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Latitude: 53.3726 / 53°22'21"N
Longitude: -1.1442 / 1°8'38"W
OS Eastings: 457038
OS Northings: 386529
OS Grid: SK570865
Mapcode National: GBR NYGF.2R
Mapcode Global: WHDDV.DHDC
Entry Name: Langold Farmhouse
Listing Date: 29 May 1966
Last Amended: 15 October 1986
Source: Historic England
Source ID: 1132672
English Heritage Legacy ID: 335791
Location: Letwell, Rotherham, S81
Civil Parish: Letwell
Traditional County: Yorkshire
Lieutenancy Area (Ceremonial County): South Yorkshire
Church of England Parish: Firbeck with Letwell
Church of England Diocese: Sheffield
3/43 Langold Farmhouse
29.5.66 (Formerly listed as
Farmhouse. Mid C18 (pre-1768). Probably by Ralph Knight for his own estate
(Hunter, p229). Thinly-coursed, squared limestone, Westmorland slate roof.
2 storeys with basement and attic, side wings without attic; 1:1:1 x 2 bays.
Ground-floor sill band. Central bay breaks forward and has plain Venetian window
with entablature to side lights and keystone to its round arch, renewed fenestration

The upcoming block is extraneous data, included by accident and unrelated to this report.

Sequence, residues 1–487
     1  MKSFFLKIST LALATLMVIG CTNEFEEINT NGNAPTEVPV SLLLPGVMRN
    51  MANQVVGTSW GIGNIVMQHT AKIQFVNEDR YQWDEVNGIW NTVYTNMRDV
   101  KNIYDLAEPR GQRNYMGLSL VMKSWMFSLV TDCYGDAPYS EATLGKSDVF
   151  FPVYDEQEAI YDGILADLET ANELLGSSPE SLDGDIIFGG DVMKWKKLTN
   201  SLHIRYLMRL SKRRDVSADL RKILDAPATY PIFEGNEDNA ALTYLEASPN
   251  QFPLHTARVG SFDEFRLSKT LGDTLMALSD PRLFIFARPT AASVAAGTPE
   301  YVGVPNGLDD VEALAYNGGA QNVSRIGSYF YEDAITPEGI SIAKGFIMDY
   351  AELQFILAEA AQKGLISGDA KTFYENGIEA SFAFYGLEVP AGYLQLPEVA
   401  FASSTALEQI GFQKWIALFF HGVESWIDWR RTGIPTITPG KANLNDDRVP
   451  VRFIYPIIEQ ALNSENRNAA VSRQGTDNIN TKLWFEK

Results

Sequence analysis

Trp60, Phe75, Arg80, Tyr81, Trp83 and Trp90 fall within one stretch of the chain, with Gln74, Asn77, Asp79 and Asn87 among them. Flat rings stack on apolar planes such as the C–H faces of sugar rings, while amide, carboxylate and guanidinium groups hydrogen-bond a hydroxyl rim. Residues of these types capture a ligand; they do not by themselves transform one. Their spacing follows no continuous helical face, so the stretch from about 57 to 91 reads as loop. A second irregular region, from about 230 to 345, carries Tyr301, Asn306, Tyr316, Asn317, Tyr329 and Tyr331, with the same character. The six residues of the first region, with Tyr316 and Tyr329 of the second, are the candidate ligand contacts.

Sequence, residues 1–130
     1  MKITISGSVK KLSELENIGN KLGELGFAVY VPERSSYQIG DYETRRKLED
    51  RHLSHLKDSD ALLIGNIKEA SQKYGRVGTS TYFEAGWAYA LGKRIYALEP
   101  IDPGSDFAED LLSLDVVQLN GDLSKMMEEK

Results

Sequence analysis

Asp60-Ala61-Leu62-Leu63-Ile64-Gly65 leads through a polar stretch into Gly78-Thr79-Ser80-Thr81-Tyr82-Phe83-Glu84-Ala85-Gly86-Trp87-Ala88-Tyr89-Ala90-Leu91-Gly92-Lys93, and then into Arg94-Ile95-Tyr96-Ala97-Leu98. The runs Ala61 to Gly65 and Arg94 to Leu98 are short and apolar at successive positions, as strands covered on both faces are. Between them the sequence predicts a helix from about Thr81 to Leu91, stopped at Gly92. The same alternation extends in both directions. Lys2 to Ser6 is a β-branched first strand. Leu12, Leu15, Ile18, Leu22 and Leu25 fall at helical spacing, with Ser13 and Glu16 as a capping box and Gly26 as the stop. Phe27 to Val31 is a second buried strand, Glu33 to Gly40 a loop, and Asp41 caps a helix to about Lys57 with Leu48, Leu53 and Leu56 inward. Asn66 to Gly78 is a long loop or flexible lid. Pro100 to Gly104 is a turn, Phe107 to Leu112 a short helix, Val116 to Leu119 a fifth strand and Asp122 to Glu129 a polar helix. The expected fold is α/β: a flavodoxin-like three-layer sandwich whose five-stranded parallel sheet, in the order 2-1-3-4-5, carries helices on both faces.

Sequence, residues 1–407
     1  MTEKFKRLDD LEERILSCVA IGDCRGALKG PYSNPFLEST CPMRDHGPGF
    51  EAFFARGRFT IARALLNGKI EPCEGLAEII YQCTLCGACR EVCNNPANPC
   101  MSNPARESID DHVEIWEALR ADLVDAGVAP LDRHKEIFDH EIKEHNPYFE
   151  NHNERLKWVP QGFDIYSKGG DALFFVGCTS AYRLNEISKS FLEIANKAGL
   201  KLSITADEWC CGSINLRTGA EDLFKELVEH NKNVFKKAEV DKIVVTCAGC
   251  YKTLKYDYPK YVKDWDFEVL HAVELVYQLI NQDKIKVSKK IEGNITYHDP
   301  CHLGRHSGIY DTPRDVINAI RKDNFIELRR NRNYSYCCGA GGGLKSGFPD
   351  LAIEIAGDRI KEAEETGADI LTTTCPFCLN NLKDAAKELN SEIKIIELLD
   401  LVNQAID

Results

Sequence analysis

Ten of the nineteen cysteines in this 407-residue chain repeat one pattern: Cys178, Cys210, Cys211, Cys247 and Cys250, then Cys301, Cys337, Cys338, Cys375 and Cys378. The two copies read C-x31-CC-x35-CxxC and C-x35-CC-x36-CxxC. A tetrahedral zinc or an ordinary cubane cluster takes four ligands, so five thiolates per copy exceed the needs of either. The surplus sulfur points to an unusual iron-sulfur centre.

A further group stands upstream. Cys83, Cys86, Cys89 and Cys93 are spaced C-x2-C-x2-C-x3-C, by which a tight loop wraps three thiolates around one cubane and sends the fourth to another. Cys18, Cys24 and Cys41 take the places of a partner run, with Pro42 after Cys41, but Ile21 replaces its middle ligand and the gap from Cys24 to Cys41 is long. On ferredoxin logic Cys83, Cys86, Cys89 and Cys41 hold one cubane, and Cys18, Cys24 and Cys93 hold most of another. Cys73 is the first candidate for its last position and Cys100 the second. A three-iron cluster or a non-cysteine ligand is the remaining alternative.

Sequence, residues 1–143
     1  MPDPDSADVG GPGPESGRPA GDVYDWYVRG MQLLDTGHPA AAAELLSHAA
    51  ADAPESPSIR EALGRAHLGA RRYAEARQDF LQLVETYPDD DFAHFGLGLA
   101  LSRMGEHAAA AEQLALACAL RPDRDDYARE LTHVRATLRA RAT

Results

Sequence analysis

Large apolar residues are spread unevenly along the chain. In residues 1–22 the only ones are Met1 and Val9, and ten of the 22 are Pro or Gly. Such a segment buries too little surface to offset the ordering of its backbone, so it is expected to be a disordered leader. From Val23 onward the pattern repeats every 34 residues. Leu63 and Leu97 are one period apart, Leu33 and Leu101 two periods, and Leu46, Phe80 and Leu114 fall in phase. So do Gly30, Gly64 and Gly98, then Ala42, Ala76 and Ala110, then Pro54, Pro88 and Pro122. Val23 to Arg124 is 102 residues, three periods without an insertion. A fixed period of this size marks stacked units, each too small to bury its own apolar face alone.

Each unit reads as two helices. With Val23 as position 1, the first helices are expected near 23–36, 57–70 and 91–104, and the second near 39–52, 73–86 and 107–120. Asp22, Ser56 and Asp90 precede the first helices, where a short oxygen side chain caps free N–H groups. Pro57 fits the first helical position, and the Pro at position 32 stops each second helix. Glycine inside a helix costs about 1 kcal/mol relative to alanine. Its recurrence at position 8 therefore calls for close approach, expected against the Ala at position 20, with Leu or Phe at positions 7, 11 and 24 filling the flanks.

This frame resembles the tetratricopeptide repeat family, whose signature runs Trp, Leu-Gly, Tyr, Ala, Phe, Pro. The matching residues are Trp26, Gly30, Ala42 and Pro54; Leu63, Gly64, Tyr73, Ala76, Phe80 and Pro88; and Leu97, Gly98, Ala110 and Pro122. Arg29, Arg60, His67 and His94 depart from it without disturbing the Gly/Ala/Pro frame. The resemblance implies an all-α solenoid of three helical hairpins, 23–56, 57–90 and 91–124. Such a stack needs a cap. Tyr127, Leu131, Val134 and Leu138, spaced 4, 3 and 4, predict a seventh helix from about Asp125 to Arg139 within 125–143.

with glazing bars. Diocletian window to 1st floor; its central part having
sash with glazing bars and lower sill; keyed oeil-de-boeuf with radial glazing
bars in tympanum of pediment. Outer bays each have a tall round-headed window
with glazing bars in ashlar surround with moulded impost and keystone beneath
half pediment. Lateral stacks with bands to the central bay. C20 addition
set back on left not of special interest. Rear: C20 door with fanlight and flanking
windows in Serliana with round arch thrown over the whole; C20 casement in ashlar
surround above; outer bays as front. Ralph Knight is known to have engaged in
architectural design along with his friend Thomas Worsley (Surveyor to the Office
of Works, 1760-78) who built his own house at Hovingham. Designs for Knight's
own house had been drawn up but its execution was prevented by his death in
J. Hunter, South Yorkshire. The History and Topography of the Deanery of Doncaster,
Listing NGR: SK5703886529
This text is from the original listing, and may not necessarily reflect the current setting of the building.
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